After five reports of broken Galaxy Fold review units and an official delay of Samsung’s $2,000 foldable phone, Samsung is in trouble.
Samsung’s rivals are watching the company’s every move, taking notes and assuredly devising their own plans to either to cut and run if buyers grow cold or to extend their own brands as “True” foldable successes by avoiding the Galaxy Fold’s pitfalls.
Samsung’s decision to push back the Fold after moving so quickly to be the first to sell a high-profile foldable phone is already making an enormous impact on the brand’s reputation, overshadowing the Fold’s other achievements on unaffected devices.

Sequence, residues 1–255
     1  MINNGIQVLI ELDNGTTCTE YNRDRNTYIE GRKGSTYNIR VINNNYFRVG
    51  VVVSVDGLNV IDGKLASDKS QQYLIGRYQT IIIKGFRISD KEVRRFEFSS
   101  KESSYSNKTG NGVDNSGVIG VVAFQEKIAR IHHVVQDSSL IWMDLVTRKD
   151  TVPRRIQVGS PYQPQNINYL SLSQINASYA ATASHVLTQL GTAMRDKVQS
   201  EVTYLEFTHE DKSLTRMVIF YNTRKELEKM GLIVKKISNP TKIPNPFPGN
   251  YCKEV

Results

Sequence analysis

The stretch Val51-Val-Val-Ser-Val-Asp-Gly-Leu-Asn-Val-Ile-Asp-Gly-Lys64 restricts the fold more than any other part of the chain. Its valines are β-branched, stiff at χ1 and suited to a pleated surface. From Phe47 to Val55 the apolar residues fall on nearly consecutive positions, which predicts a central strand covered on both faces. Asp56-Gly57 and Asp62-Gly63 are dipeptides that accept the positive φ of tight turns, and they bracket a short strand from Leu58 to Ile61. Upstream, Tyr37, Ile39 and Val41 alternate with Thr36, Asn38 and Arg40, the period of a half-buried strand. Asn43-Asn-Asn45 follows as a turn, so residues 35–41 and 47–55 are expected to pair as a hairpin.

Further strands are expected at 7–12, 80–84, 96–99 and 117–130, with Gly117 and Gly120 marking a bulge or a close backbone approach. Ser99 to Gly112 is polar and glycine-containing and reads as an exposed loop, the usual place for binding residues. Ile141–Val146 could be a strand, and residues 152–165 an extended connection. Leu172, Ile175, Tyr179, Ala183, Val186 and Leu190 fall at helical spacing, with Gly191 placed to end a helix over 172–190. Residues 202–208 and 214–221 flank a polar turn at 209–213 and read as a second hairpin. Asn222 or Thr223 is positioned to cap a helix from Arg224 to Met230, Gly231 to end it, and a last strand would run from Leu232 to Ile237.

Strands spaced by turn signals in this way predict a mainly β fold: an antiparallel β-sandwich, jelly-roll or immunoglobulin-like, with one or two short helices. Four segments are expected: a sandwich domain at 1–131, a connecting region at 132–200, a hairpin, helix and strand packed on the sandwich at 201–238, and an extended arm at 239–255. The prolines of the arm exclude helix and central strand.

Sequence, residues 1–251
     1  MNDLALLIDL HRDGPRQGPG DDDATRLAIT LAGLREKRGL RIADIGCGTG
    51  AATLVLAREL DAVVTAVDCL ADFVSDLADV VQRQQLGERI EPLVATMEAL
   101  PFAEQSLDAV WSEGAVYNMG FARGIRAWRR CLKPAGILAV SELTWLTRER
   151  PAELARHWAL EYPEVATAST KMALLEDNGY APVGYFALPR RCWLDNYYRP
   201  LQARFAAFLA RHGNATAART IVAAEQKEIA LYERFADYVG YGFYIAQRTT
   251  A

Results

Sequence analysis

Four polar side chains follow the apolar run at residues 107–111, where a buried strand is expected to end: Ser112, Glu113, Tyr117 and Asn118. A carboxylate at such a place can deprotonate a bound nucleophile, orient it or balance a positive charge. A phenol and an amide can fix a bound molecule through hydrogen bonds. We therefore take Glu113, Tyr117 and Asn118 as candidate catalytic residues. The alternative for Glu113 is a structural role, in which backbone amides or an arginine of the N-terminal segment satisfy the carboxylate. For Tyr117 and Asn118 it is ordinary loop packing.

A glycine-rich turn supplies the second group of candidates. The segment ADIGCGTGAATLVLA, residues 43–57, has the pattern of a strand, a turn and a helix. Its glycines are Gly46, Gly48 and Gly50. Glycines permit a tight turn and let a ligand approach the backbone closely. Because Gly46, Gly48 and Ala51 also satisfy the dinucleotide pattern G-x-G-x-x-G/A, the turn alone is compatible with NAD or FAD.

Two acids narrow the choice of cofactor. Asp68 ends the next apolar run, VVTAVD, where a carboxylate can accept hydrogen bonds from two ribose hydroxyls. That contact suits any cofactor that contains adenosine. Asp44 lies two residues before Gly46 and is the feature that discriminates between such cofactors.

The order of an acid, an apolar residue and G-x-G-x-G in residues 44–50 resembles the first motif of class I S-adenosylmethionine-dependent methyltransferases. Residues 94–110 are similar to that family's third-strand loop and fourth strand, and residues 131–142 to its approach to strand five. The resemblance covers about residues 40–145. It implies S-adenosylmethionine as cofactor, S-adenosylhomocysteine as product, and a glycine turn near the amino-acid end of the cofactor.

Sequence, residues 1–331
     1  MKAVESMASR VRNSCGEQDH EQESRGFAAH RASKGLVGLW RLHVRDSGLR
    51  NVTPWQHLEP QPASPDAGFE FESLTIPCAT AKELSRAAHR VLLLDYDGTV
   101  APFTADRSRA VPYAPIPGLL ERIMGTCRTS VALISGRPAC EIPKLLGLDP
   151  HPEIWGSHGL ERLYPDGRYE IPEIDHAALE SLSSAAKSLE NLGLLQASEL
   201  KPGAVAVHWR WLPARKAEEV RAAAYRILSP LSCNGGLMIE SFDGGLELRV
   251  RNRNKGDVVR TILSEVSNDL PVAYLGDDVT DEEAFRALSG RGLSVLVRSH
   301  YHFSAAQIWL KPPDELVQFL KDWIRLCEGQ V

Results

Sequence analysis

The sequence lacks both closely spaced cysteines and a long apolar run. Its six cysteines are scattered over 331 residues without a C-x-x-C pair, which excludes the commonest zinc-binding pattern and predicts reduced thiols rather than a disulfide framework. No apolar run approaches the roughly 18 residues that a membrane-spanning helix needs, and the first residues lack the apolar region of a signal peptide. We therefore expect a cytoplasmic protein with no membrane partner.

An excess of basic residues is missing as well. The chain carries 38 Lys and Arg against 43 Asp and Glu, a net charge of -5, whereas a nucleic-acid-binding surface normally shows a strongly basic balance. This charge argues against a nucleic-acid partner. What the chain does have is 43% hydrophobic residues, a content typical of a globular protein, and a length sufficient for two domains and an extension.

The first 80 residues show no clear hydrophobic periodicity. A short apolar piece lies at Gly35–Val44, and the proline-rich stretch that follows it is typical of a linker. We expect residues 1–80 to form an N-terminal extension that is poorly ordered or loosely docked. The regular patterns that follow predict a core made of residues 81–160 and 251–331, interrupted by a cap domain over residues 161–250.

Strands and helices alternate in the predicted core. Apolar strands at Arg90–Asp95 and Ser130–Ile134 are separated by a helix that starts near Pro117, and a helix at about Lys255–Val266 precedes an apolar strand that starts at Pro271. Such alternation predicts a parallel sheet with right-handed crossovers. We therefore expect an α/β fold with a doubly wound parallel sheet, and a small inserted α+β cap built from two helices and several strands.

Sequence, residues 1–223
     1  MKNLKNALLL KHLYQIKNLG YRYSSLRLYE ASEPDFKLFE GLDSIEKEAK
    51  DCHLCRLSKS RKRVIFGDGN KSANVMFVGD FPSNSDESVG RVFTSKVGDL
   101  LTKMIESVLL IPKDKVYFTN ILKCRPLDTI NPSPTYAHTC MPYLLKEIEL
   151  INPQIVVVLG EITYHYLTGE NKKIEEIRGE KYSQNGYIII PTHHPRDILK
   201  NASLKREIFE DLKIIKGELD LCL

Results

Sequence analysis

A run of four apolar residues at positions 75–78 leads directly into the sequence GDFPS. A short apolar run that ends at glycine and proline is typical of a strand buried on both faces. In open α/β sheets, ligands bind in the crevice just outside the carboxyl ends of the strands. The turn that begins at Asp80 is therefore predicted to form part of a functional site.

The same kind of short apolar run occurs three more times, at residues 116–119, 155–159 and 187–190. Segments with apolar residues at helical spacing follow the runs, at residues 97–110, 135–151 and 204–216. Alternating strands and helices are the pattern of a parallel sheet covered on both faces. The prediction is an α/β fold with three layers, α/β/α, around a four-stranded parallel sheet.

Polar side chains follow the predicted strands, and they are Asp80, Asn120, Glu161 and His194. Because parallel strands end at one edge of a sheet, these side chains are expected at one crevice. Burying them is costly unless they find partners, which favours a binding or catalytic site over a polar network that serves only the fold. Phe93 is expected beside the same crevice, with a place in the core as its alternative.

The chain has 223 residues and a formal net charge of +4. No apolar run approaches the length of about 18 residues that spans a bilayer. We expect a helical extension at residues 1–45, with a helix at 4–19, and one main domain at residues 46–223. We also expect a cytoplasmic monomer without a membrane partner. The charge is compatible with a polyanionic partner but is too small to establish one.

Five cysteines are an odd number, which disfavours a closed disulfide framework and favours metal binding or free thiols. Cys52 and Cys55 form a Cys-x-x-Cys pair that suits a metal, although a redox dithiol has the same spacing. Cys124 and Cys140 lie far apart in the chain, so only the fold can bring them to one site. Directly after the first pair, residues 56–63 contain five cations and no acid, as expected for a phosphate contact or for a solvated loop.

Huawei’s foldable Mate X is in hot pursuit of the Fold, promising 5G speeds and a dramatically different design that puts the foldable screen on the outside of the device rather than the inside, as it is with the Fold.
If these assurances aren’t enough, it’s quite possible that observers will sour on the Fold in particular and on foldable phones in general.
For many, the Fold is a proof of concept design that could either get them to consider the possibility of one day using a foldable phone of their own, or to confirm what they’ve known all along – that “Nobody” needs a foldable handset.
Is it even possible for a foldable phone to be problem-free? From what I’ve seen after a week with the Galaxy Fold, and after a few minutes with the Mate X and with TCL’s foldable concept mock-ups, no.
This article was summarized automatically with AI / Article-Σ ™/ BuildR BOT™.